Sunday, 30 June 2013

Quilting... the Rockabilly Stitch Way

Hello Ladies and Gents,

Well I thought I would update you on one of my stitching projects as it has been a while. A little while a go I shared with you I was starting a stitching project for a good friend and now it is successfully completed! For my birthday my good friend and sewing advisor bought me a sewing book called 'Cute and Easy Quilting and Stitching: 35 step-by-step projects for you and your home' by Charlotte Liddle. I browsed through the pages and found the perfect gift to make for my friend - a baby quilt. After reading the pattern I knew I could make it - especially as it seemed quite simple and you can customise it as much or as little as you want - perfect for me!

Option 1 - Template
So the first thing I did was raid the fabric stash that has been growing over recent months. I looked through what I had and decided that I had enough fabric to follow the pattern so I went for it. My fabric was all ready washed so the next thing I did was iron everything...this ensures the fabric is smooth and easy to manage. I then had to make 30 squares of 4"x4" in order to make the quilt element. Now to do this I started off by cutting out square templates out of paper (option 1), pinning them to the fabric and cutting around them. After a few attempts of this I was concerned the squares would not be even so I thought of another way (option 2) - to use a
Option 2 
metal ruler, a 
rotary cutter and the markings on my cutting board. This method made the squares more even, less fiddly and a lot quicker to do. I cut out 7 plain fabric, 5 spotty fabric and 18 flowery fabric (4 different flowery patterns). With the squares I went on to design the lay out the quilt. Once I was happy with it, I then started sewing with my faithful singer machine (not hand sewing I hear some of you cry!). One day I will hand sew a quilt but this pattern can be done either way but I really wanted to use my
Quilt Pattern
machine as I hadn't used it since I cleaned it and put a new needle in. On using the machine I couldn't believe what a difference it made, so top tip, do maintain your machine and change the needle frequently! My machine has only had light use but even I, a beginner, could tell the difference.

This is where I became lazy and in hindsight I should have done this a bit differently. Instead of pinning a row of squares together, I just took two squares and sewed them using the pressure foot as the guide. I did this for each square and ended up with five rows of six. A thing I'm not lazy about (which I'm sure my husbandy will disagree on) is ironing the fabric as you go. Once I had five rows of six squares I ironed the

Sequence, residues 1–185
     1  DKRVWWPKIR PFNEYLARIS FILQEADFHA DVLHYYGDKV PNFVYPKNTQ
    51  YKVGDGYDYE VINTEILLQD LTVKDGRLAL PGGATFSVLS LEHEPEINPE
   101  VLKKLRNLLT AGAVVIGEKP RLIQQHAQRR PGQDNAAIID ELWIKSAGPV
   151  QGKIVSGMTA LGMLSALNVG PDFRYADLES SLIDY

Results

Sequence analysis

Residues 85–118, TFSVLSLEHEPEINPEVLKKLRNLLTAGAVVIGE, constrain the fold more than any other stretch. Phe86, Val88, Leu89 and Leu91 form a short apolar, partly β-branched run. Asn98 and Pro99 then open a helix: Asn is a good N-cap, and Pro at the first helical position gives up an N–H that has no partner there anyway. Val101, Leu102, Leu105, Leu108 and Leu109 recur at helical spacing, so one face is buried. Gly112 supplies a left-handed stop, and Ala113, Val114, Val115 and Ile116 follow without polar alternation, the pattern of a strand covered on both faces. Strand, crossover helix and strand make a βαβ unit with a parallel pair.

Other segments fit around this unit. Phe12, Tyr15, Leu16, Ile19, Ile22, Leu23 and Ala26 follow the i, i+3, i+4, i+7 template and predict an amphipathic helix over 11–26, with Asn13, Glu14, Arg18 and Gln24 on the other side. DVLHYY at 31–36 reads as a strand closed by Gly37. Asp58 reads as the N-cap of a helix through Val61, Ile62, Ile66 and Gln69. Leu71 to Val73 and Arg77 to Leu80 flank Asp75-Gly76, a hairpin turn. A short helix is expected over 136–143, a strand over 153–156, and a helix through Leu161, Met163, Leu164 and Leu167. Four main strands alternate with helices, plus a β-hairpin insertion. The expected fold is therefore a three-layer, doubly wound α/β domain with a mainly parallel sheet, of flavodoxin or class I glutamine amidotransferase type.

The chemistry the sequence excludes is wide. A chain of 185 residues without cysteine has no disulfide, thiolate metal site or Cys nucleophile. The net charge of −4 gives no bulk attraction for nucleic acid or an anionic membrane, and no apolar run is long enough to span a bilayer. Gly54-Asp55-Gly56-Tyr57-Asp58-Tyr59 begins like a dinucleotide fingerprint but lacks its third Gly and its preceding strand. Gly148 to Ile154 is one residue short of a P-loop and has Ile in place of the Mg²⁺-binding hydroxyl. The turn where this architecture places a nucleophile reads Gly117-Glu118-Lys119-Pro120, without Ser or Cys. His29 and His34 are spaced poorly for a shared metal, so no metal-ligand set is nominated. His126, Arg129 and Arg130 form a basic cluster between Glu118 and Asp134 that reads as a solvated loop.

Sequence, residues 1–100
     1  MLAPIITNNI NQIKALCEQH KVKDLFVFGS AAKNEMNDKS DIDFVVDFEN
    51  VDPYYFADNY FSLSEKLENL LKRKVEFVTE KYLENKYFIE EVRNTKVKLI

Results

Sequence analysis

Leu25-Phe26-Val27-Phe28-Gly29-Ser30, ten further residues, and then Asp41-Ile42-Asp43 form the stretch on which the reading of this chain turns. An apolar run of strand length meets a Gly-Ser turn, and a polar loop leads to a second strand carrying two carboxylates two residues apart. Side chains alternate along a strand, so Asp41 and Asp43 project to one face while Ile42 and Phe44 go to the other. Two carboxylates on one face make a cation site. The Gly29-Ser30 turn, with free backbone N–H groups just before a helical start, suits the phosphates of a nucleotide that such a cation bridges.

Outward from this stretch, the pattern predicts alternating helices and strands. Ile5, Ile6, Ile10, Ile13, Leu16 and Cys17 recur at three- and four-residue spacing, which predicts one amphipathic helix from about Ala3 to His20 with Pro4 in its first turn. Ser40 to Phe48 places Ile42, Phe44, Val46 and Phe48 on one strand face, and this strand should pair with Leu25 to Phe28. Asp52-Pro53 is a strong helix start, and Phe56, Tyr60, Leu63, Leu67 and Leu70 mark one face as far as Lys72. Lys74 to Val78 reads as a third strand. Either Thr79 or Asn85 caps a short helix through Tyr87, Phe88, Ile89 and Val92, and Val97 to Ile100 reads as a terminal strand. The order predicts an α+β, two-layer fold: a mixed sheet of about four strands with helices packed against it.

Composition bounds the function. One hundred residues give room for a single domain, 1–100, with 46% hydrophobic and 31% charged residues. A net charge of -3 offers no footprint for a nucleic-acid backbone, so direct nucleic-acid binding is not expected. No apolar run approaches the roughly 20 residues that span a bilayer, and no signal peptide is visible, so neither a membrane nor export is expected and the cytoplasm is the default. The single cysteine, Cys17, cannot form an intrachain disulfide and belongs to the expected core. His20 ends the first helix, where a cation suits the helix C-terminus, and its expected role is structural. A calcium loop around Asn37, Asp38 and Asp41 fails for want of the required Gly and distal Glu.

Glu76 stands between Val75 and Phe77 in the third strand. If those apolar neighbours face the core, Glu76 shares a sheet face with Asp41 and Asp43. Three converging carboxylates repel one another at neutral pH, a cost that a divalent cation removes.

The lazy way...
seam to make it lie flat and keep the material in shape. When joining the rows together I did pin the edges and again followed the pressure foot as the guide. With all rows now joined it was starting to look more like a quilt! Again don't forget to iron the seams open. The next trick was to cut out the boarders....

Pinning the boarders
Now this is when I had to use maths to solve my problem. The two shorter pieces were the same width as the length of the quilted pieces (5x4"=20). I cut out two pieces of 20"x2" in the plain fabric. I then cut the long side pieces which had to be the same length as the quilt, plus the boarder - the total measurement being 28".  I cut out two pieces of 28"x2" in flowery fabric. I pinned the shorter boarder to the quilt and sewed with the sewing machine. I then pinned the long boarder and again sewed this on.... I was very pleased with myself at this stage and was having loads of fun doing it! 

My quilt was almost complete and all I had to do was attach the backing piece. For this you use one piece of material in what ever design you like. Again, I used a floral design and cut the fabric 24"x28". I pinned the fabric (right sides facing) and stitched around the edge leaving a four inch gap at one end so the wadding can be inserted. Once stitched I turned the quilt inside out and ta dah... I was finished! And I truly was finished as there has been a change of plan since its original use. Once completed I wanted to show off my work so I put it over a little table we have. My husbandy saw it and loved it so much we now use it as a table cloth! So I best get cutting more squares and making another one for my friend as the baby is due very soon! It just shows how versatile this simple pattern is. Without the wadding it is not a table cloth and with the wadding it could be used as a quilt. Sewing is a great way to express yourself... take a pattern and put your own stamp on it... and you'll have loads of fun doing it!

Top tips:
  • Equipment: Fabric (30 x 4" squares, 2 x 20"x2", 2 x 28" x 2" and 1 x 28" x 24"), Cutting Mat, Rotary Cutters, Fabric Scissors, Pins, Iron, Ruler and Sewing Machine.
  • Use what ever fabric you like - it's your quilt!
  • Do pin the squares may seem tedious but you'll have a much neater outcome - trust me :)
  • Do maintain your machine and change the needle frequently! My machine has only had light use but even I, a beginner, could tell the difference.

Happy Quilting x

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